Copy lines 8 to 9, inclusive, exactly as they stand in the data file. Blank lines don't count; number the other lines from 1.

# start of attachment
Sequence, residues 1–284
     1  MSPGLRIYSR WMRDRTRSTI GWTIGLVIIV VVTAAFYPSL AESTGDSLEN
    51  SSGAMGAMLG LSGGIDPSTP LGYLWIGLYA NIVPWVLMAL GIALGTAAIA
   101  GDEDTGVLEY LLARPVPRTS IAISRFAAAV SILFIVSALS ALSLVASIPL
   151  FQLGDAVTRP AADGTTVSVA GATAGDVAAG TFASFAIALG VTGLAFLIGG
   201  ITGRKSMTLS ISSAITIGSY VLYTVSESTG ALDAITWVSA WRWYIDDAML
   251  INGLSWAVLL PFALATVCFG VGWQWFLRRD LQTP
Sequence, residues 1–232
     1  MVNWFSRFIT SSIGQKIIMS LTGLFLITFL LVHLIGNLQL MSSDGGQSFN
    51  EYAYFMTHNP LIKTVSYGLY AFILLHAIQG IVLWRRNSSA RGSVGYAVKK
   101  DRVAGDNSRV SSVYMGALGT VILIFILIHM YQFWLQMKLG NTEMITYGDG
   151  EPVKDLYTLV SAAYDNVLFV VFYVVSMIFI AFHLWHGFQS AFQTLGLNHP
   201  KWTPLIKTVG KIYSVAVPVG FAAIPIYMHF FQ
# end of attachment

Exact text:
Sequence, residues 1–232
     1  MVNWFSRFIT SSIGQKIIMS LTGLFLITFL LVHLIGNLQL MSSDGGQSFN